The Compassionate Cook pancakes pre-mixed in a ziploc. I had the soy milk, water, oil and vanilla along and mixed it up there in the woods. Those were the best mother f-ing pancakes that I ever had. At the time, I thought it was because we were cooking and eating pancakes at a campsite in the middle of Yosemite valley, and I'm sure that was a bit part of it. However, when I got home, I made stovetop pancakes with the same recipe on that same skillet, and there, in the middle of my apartment in Los Angeles- were the 2nd most amazing pancakes that I ever had. Which proved beyond a doubt that it was the skillet's doing. I have used it since for stir fries, it's particularly amazing at browning tofu (for particularly wet tofu, I have baked it in the skillet and it is to die for). It comes in handy for most everything (though I read that tomato based dishes are a no-no in it). I seasoned it once, and it could use another round of that when it cools off enough to put the oven on (I followed the Martha god's instructions from her Cooking School book, but she has instructions here). To convince you of the magic of it, I challenge you to try this potato recipe. It's great with a tofu scramble or savory breakfast. I would even go as far as to serve it on the side of a comfort food dish like Salsbury Seitan. It is insanely good! Like eyes into the back of your head good. There are crispy pieces of potato that are as crunchy as chips, and then the softer centers that are so creamy and good that any condiment just gets in the way. Also, it's quite easy, you'll need: • 1 bag (use about 9*) of the small tri-color potatoes at Trader Joes. If you don't have one close by, most stores have something like this, it has the small variety of white, yellow and purple potatoes. • Salt and Pepper to taste • Butter or vegan margarine (one of the bi-products of going back to vegetarian vs vegan is that I started to use butter, I'm not proud, but it may be what makes these so amazing). • your magic cast iron skillet Wash potatoes well and slice about 9 of them width wise depending on size varying from paper thin to about 1/8" thick max. There's a magic combo of how many you can use without crowding the pan and making it too hard to get the right consistency and crunchy parts that you're after- too many potatoes in the pan and it won't get there. I mix the colors up after slicing because it's prettier that way Heat the skillet on medium heat, put a few pats of butter or margarine in the pan and then layer the slices all along the bottom. Sprinkle salt and pepper on the first layer and put 3-4 more pats of butter or margarine on top. Repeat for 2 more layers of potatoes. I haven't timed how long this takes, but it's awhile- at least 30 minutes. What you'll need to do it let those taters sizzle away in the pan and flip when you have some browning and crunchiness on them. They will start to clump, fall apart a bit, there will be some stuck together, free those up from time to time to get everyone some quality skillet time. you'll know they're done when they've shrunk down a bit and there are some curled up crunchy bits in there coupled with what looks like scalloped potatoes. Test for salt and pepper, season if necessary and serve immediately. These re-heat okay, but there's nothing like them when they're fresh out of the amazing wonderous cast iron skillet!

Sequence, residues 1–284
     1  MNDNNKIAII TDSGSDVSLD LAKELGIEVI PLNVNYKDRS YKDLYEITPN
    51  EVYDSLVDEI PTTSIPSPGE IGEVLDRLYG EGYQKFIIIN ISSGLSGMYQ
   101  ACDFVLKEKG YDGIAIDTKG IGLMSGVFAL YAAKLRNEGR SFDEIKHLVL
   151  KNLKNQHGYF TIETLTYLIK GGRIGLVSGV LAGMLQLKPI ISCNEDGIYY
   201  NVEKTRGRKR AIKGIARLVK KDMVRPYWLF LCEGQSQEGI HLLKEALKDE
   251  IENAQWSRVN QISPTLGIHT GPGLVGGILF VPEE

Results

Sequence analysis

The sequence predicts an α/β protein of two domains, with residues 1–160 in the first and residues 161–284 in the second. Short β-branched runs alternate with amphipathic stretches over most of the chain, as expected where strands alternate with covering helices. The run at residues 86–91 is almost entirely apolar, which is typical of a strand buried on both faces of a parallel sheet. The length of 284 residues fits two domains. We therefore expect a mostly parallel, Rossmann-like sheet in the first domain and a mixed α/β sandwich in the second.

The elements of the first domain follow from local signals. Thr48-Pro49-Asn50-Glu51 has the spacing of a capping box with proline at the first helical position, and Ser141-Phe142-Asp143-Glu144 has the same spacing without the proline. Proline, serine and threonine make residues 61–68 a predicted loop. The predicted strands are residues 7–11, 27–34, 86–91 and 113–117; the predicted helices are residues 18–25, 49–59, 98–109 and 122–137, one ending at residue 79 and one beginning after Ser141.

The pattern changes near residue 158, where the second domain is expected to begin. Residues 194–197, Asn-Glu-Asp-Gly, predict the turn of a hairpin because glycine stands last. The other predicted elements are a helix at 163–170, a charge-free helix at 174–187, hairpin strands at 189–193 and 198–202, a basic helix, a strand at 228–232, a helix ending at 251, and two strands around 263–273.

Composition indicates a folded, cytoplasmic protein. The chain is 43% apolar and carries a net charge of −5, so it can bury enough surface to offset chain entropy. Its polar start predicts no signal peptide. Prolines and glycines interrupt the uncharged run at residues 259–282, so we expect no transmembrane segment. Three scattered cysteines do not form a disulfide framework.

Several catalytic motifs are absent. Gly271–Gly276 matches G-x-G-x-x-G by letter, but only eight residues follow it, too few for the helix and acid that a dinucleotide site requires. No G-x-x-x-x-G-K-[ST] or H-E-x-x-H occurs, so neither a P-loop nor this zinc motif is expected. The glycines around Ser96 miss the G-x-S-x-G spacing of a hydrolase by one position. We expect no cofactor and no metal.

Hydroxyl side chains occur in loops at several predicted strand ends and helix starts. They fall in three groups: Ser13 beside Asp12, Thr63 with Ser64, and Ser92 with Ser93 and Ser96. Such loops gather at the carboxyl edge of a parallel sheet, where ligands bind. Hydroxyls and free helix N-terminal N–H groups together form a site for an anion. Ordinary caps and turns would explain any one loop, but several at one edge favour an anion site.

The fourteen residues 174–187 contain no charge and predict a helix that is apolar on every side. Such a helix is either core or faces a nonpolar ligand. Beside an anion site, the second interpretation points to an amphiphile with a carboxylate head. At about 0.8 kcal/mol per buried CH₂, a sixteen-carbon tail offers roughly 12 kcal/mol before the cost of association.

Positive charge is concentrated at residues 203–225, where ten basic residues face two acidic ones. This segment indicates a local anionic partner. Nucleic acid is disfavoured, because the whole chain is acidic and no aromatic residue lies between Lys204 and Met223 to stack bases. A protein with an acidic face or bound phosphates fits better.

These are the pancakes from Candle 79's book. They're good, but I prefer Isa Chandra's Perfect Pancakes. They were a little involved and were fine, but nothing fantastic. Of course, this is just a personal preference, at the end of the day there aren't a lot of pancakes that I'd kick out of bed.
These are the "Perfect Pancakes" from page 87 of Vegan Brunch by Isa Chandra- the recipe is also on page 31 of Vegan With a Vengeance (same author). They're a bit indulgent as there's maple syrup IN the batter- but the name doesn't lie. They are perfection. The darker color comes from the cinnamon in the batter (yup, that's in there too!). The recipe lists it as optional, but I have never omitted it. It's too dang good to leave out.
This is one that involves mixing the wet and dry separate and adding wet to dry. I mix the wet together with a wisk b/c of the oil and water factor. I have no idea if this helps, but I'm always thinking that if the wet goes into the dry one at a time- things won't mix properly.
Anyway- they're delicious and super sweet and totally worth buying either book for. I like to couple it with soy sausage or something savory to balance the sweetness. Also, if you make more than you can eat at one sitting, just undercook the last batch or two and make them small enough to fit into the toaster. Let cool and freeze them. They toast up uber yummy later on.